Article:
Layer-by-Layer-Assembled High-Performance Broadband Antireflection Coatings

Handle URI:
http://hdl.handle.net/10754/598708
Title:
Layer-by-Layer-Assembled High-Performance Broadband Antireflection Coatings
Authors:
Shimomura, Hiroomi; Gemici, Zekeriyya; Cohen, Robert E.; Rubner, Michael F.
Abstract:
Nanoparticles are indispensable ingredients of solution-processed optical, dielectric, and catalytic thin films. Although solution-based methods are promising low-cost alternatives to vacuum methods, they can have significant limitations. Coating uniformity, thickness control, roughness control, mechanical durability, and incorporation of a diverse set of functional organic molecules into nanoparticle thin films are major challenges. We have used the electrostatic layer-by-layer assembly technique to make uniform, conformal multistack nanoparticle thin films for optical applications with precise thickness control over each stack. Two particularly sought-after optical applications are broadband antireflection and structural color. The effects of interstack and surface roughness on optical properties of these constructs (e.g., haze and spectral response) have been studied quantitatively using a combination of Fourier-transform methods and atomic force microscopy measurements. Deconvoluting root-mean-square roughness into its large-, intermediate-, and small-scale components enables enhanced optical simulations. A 4-stack broadband antireflection coating (<0.5% average reflectance in the visible range, and 0.2% haze) composed of alternating high-index (n ≈ 1.96) and low-index (n ≈ 1.28) stacks has been made on glass substrate. Films calcinated at 550 °C endure a one-hour-long cloth cleaning test under 100 kPa normal stress. © 2010 American Chemical Society.
Citation:
Shimomura H, Gemici Z, Cohen RE, Rubner MF (2010) Layer-by-Layer-Assembled High-Performance Broadband Antireflection Coatings. ACS Applied Materials & Interfaces 2: 813–820. Available: http://dx.doi.org/10.1021/am900883f.
Publisher:
American Chemical Society (ACS)
Journal:
ACS Applied Materials & Interfaces
KAUST Grant Number:
06/2008
Issue Date:
24-Mar-2010
DOI:
10.1021/am900883f
PubMed ID:
20356286
Type:
Article
ISSN:
1944-8244; 1944-8252
Sponsors:
We thank JSR Corporation and the MIT MRSEC program of the National Science Foundation (Grant DMR 03-13282) for funding; the Center for Materials Science and Engineering (CMSE) and the Institute for Soldier Nanotechnologies (ISN) for access to shared equipment facilities: Dr. Larry Domash of Agiltron Inc for optical modeling using the Needle algorithm. Z.G. thanks KAUST for fellowship support (beginning 06/2008).
Appears in Collections:
Publications Acknowledging KAUST Support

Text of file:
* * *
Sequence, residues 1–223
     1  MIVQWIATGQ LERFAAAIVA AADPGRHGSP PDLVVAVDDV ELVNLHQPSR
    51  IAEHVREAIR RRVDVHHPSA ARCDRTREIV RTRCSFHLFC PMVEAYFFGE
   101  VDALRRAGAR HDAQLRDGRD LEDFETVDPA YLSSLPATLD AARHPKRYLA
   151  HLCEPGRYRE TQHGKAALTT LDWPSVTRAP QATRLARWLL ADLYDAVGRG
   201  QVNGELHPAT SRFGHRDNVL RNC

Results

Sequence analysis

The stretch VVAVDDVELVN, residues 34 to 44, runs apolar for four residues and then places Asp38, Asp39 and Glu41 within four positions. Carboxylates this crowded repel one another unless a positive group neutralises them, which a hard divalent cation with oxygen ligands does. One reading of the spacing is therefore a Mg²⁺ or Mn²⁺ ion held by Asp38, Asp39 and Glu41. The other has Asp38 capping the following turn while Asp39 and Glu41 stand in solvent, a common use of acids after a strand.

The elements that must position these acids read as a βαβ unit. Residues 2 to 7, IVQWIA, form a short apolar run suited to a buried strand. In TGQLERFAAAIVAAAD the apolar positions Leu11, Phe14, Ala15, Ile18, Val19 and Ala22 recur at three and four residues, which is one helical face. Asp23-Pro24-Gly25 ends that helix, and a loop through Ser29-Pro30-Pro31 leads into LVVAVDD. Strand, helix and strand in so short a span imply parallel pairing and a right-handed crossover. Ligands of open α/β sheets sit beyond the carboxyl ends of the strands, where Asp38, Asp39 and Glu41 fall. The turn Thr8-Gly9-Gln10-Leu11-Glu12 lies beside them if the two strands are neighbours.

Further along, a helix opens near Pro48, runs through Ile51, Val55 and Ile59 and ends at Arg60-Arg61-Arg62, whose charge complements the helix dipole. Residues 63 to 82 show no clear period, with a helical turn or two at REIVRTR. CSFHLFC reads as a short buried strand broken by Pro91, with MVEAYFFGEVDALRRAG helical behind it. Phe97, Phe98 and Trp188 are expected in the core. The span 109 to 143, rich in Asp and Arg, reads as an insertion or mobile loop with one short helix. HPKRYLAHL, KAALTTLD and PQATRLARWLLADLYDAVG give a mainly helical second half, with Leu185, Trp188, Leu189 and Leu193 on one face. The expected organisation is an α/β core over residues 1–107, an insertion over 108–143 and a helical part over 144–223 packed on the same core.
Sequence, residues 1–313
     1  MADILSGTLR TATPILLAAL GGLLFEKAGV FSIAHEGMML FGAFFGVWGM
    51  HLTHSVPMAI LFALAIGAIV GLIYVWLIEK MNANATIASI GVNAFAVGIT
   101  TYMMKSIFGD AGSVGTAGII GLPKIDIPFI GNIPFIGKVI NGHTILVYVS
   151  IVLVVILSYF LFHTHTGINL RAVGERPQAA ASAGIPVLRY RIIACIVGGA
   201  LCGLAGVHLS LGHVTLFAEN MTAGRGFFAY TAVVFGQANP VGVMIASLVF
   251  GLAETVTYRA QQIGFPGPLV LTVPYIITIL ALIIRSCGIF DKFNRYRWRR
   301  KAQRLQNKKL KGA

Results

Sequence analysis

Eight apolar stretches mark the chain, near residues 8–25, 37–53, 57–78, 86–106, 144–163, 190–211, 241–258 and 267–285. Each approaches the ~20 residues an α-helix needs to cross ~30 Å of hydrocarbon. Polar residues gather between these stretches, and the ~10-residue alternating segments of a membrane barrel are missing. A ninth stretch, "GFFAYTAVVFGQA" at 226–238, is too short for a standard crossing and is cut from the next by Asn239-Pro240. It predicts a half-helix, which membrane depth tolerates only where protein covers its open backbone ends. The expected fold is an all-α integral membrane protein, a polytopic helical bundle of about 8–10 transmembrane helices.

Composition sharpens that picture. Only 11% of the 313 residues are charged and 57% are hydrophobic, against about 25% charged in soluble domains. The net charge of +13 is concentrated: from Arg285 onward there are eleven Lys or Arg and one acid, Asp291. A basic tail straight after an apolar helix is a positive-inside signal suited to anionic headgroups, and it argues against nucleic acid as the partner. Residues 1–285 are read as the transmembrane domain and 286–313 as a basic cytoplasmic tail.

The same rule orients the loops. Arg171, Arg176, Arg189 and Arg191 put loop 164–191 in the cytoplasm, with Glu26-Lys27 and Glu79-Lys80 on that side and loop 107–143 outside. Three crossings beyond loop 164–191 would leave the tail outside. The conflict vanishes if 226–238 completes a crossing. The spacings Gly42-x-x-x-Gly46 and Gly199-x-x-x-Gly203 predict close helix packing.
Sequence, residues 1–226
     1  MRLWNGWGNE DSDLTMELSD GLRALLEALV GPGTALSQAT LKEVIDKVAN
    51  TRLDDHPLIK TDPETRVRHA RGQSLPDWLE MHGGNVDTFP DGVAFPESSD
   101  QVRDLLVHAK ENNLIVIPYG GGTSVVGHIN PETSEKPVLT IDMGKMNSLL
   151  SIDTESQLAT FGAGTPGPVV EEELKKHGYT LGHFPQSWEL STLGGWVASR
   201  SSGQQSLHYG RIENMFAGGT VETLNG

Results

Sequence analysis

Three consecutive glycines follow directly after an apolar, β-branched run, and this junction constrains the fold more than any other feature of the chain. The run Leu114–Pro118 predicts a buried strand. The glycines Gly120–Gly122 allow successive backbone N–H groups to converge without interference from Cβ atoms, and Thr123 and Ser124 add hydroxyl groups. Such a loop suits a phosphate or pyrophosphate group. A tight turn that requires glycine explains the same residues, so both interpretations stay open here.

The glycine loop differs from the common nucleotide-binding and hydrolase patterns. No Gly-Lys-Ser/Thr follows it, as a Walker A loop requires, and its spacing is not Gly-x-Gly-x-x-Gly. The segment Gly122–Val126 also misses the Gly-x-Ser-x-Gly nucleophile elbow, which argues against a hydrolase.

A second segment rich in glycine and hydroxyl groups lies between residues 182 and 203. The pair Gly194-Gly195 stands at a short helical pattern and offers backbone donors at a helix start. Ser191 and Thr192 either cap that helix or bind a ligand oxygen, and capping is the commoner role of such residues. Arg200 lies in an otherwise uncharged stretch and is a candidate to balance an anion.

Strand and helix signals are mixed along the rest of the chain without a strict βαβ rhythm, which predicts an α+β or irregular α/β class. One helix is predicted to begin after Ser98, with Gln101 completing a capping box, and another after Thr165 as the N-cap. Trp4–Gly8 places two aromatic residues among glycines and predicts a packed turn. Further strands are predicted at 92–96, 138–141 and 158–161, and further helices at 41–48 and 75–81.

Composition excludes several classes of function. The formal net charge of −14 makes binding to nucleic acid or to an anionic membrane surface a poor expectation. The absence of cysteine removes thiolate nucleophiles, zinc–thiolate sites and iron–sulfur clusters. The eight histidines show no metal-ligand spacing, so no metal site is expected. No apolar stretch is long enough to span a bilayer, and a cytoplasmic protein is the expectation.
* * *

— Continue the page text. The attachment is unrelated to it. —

Full metadata record

DC FieldValue Language
dc.contributor.authorShimomura, Hiroomien
dc.contributor.authorGemici, Zekeriyyaen
dc.contributor.authorCohen, Robert E.en
dc.contributor.authorRubner, Michael F.en
dc.date.accessioned2016-02-25T13:34:50Zen
dc.date.available2016-02-25T13:34:50Zen
dc.date.issued2010-03-24en
dc.identifier.citationShimomura H, Gemici Z, Cohen RE, Rubner MF (2010) Layer-by-Layer-Assembled High-Performance Broadband Antireflection Coatings. ACS Applied Materials & Interfaces 2: 813–820. Available: http://dx.doi.org/10.1021/am900883f.en
dc.identifier.issn1944-8244en
dc.identifier.issn1944-8252en
dc.identifier.pmid20356286en
dc.identifier.doi10.1021/am900883fen
dc.identifier.urihttp://hdl.handle.net/10754/598708en
dc.description.abstractNanoparticles are indispensable ingredients of solution-processed optical, dielectric, and catalytic thin films. Although solution-based methods are promising low-cost alternatives to vacuum methods, they can have significant limitations. Coating uniformity, thickness control, roughness control, mechanical durability, and incorporation of a diverse set of functional organic molecules into nanoparticle thin films are major challenges. We have used the electrostatic layer-by-layer assembly technique to make uniform, conformal multistack nanoparticle thin films for optical applications with precise thickness control over each stack. Two particularly sought-after optical applications are broadband antireflection and structural color. The effects of interstack and surface roughness on optical properties of these constructs (e.g., haze and spectral response) have been studied quantitatively using a combination of Fourier-transform methods and atomic force microscopy measurements. Deconvoluting root-mean-square roughness into its large-, intermediate-, and small-scale components enables enhanced optical simulations. A 4-stack broadband antireflection coating (<0.5% average reflectance in the visible range, and 0.2% haze) composed of alternating high-index (n ≈ 1.96) and low-index (n ≈ 1.28) stacks has been made on glass substrate. Films calcinated at 550 °C endure a one-hour-long cloth cleaning test under 100 kPa normal stress. © 2010 American Chemical Society.en
dc.description.sponsorshipWe thank JSR Corporation and the MIT MRSEC program of the National Science Foundation (Grant DMR 03-13282) for funding; the Center for Materials Science and Engineering (CMSE) and the Institute for Soldier Nanotechnologies (ISN) for access to shared equipment facilities: Dr. Larry Domash of Agiltron Inc for optical modeling using the Needle algorithm. Z.G. thanks KAUST for fellowship support (beginning 06/2008).en
dc.publisherAmerican Chemical Society (ACS)en
dc.subjectAntireflectionen
dc.subjectBroadbanden
dc.subjectCoatingen
dc.subjectInterfaceen
dc.subjectLayer-by-layeren
dc.subjectNanoparticleen
dc.subjectRoughnessen
dc.titleLayer-by-Layer-Assembled High-Performance Broadband Antireflection Coatingsen
dc.typeArticleen
dc.identifier.journalACS Applied Materials & Interfacesen
dc.contributor.institutionMassachusetts Institute of Technology, Cambridge, United Statesen
kaust.grant.number06/2008en

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